|Publication number||US5140993 A|
|Application number||US 07/813,646|
|Publication date||Aug 25, 1992|
|Filing date||Dec 27, 1991|
|Priority date||Dec 27, 1991|
|Publication number||07813646, 813646, US 5140993 A, US 5140993A, US-A-5140993, US5140993 A, US5140993A|
|Inventors||Antone R. Opekun, Jr., Peter D. Klein|
|Original Assignee||Baylor College Of Medicine|
|Export Citation||BiBTeX, EndNote, RefMan|
|Patent Citations (1), Referenced by (50), Classifications (11), Legal Events (6)|
|External Links: USPTO, USPTO Assignment, Espacenet|
This invention relates generally to breath sampling equipment and particularly to a breath sample collecting bag having new and improved inlet and sample transfer assemblies which make the device safe and reliable in use.
There is a need primarily in the medical field for a reliable device which allows patients, research subjects, physicians and allied health personnel to collect an expirated breath sample for testing, analysis and related diagnosis. The principle constituents of a breath sample that are of interest in this field are the tracer or isotopically labeled metabolites derived from protein, carbohydrates, fats, amino acids, nucleic acids, drugs, and microscopic organisms, to mention but a few. The metabolites would be carbon dioxide and hydrogen, in addition to the oxygen and nitrogen gases that normally are present in the air. Prior sample collecting devices of which applicants are aware have a number of shortcomings. They often leak or have flaws which result in loss of the sample. Moreover, some devices require manipulation of an unprotected hypodermic needle in order to transfer all or a part of the sample to another container or to an analyzer machine, which can result in accidental and painful needle sticks.
An object of the present invention is to provide a new and improved breath sampling device which is constructed in a manner such that it is safe and reliable in use.
Another object of the present invention is to provide a new and improved breath sampling assembly that has a propensity to not leak, and thus holds the sample longer.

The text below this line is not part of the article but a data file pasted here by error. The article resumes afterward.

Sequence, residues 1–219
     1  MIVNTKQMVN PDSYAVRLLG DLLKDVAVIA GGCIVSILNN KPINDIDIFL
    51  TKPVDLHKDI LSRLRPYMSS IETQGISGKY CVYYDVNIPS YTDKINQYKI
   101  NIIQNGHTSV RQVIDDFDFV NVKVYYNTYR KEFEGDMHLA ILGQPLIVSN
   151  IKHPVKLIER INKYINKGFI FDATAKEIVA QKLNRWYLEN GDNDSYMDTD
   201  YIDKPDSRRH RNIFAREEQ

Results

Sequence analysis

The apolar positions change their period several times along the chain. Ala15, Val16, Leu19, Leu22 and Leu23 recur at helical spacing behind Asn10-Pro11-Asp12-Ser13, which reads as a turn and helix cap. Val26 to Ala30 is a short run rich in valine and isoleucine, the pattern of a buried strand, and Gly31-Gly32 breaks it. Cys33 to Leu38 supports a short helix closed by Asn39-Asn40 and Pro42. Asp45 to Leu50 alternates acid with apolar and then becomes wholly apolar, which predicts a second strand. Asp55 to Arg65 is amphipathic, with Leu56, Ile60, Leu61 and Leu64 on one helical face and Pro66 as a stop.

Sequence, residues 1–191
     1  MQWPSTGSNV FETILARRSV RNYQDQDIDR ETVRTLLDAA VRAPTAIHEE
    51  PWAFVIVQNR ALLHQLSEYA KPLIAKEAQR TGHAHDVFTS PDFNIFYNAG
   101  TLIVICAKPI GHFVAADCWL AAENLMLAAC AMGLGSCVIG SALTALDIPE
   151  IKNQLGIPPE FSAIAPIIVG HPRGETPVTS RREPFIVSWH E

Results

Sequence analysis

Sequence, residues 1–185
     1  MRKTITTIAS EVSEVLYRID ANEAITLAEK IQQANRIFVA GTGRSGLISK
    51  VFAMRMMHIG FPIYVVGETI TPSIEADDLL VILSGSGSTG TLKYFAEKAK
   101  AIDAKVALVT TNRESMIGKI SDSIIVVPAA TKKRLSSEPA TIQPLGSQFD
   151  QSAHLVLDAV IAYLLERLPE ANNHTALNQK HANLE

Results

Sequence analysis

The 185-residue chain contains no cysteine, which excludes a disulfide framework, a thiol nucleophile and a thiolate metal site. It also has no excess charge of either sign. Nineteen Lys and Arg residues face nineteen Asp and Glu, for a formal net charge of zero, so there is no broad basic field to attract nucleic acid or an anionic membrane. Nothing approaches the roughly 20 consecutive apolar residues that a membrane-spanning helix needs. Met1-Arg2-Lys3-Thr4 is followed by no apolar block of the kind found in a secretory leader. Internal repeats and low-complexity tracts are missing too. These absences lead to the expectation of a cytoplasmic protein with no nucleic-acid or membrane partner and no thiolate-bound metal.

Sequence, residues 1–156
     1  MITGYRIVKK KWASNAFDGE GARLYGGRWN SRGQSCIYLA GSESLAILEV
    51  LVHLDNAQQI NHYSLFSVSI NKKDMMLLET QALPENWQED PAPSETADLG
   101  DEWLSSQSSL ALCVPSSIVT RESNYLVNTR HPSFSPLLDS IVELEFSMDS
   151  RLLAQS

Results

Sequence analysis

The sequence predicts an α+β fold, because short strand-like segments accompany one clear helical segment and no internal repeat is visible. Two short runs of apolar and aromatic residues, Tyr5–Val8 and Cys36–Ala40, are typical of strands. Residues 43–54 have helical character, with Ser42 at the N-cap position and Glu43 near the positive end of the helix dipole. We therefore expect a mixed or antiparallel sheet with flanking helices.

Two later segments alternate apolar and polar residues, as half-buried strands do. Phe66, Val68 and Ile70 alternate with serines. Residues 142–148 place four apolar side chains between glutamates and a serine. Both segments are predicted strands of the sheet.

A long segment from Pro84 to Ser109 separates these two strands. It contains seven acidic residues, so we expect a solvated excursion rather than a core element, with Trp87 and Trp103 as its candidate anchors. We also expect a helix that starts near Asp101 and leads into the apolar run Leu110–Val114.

Still another object of the present invention is to provide a new and improved device of the type described which provides consistent and safe sample transfer.
These and other objects are attained in accordance with the present invention through the provision of a breath collecting device which comprises a flexible, inflatable plastic bag having an inlet assembly that includes a valve which is opened during insufflation and closed when exhaling is stopped. The valve can be a check valve that permits gas flow only toward the inside of the bag, or a manually operated stop-cock valve. The valve body provides a mouthpiece through which the bag is inflated. An outlet assembly on the bag by which all or a portion of the sample is transferred to another device includes a neck, a sleeve member having an inner end wall mounted in said neck, and a hollow transfer needle mounted on said end wall in a manner such that its sharp tip is located within the bore of the sleeve member. The needle and its tip normally are covered by an elastomer boot which prevents escape of the breath sample. However when a container having a rubber stopper on its outer end is inserted into the sleeve member, the tip of the needle pierces the boot and the stopper to permit removal of all or a part of the breath sample from the bag. The mounting of the needle within the bore of the sleeve member prevents accidental injury on account of needle sticks, because the sleeve member provides a protective cover over the needle. The device can be readily disassembled and reassembled for reuse where a series of samples needs to be analyzed.